It's three weeks into July. One of the benefits of having a garden is that it moves you along through the seasons, even if you aren't doing anything major to it. Without any assistance from me to speak of, the native orange daylilies come and go. I started stretching the season last year by consciously planting different varieties of the astonishingly expansive daylily family. These start flowering at different times, some are just starting to blossom now, some are going strong.
The rose bushes, which have cruising along splendidly for a month and a half, have lately developed black-spot disease on their leaves. Conclusion: it must be the second half of July. So I fertilized them for the first time this year and spent a thorny afternoon picking off the yellowed, diseased-looking leaves. We'll see how that works. If the disease hadn't shown up, I would have been happy to go on doing nothing but admiring them.
The butterfly bushes that looked dead this spring -- bare sticks, naggingly slow to leaf -- are back to their old shapes. They look remarkably like they did a year ago, even though I cropped them back aggressively last fall in an effort to make them grow fuller and bring their blossoms down closer to the ground. Instead they've grown tall and leggy, and bare on their lower branches, just as in previous years. Which only means that any day now I'll start reaching up to remove the dead blossoms and stimulate the new ones, and face the same old decisions about how to prune them in the fall.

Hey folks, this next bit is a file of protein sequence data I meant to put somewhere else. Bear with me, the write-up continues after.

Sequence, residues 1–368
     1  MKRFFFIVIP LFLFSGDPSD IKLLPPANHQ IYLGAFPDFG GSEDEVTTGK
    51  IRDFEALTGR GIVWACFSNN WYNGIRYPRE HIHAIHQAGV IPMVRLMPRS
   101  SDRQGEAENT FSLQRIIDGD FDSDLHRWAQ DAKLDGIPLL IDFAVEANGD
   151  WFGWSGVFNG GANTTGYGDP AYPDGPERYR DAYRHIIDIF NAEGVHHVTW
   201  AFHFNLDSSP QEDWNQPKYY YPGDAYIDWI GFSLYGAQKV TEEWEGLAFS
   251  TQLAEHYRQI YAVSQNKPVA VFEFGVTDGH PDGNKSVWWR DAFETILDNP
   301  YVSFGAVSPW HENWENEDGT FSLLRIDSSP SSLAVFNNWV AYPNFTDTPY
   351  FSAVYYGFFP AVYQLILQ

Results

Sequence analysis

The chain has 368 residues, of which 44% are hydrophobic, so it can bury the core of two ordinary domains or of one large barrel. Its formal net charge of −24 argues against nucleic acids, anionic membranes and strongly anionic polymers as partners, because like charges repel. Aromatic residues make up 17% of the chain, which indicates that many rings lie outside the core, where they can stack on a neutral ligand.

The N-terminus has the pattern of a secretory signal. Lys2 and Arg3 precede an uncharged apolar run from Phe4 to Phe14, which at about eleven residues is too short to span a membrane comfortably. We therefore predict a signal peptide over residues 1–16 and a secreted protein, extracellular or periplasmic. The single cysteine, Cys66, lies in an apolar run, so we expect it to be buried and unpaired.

But the thing that tells me it's really high, full-on summer is the way the two hibiscuses have bonded. One is the plant, an annual variety, that grew big last year on the patio and produced a lot of classic pink, roseate blossoms. I took it indoors during the winter and kept it alive; it went on blossoming for some weeks in the fall and then ran out of solar energy. The plant survived the winter, but its productive urge slept. I lugged it outdoors again when the weather warmed up and waited for it to do its stuff in the manner of previous summer, but the now second-year annual took the longest time to re-adjust to prosperity.
To give it the idea I purchased another hibiscus, a different variety called a Mandeville rose (also an annual in temperate zones), loaded with buds and dark red blossoms and lodged right up against the older plant. Sure enough the sleek vines of the Mandeville have begun curling around the branches of the bigger plant (top photo).
If this trend keeps up, we'll be started on our own rain forest.
Because the natural world performs in the age-old manner -- you can set your calendar, so to speak, to some of these behaviors -- we think everything is the same and will always stay the same. There's nothing new, as the saying goes, under the sun.
But everything under the sun is also moving on, always, if imperceptibly. In the next couple of weeks our family will celebrate a couple of milestones. Our niece will celebrate her 30th birthday. Anne's father will celebrate his 90th.
We're somewhere in between. Every age is a stage, and each role in life has its own job to do. We'll keep the roses, and the lilies, and the hibiscus coming.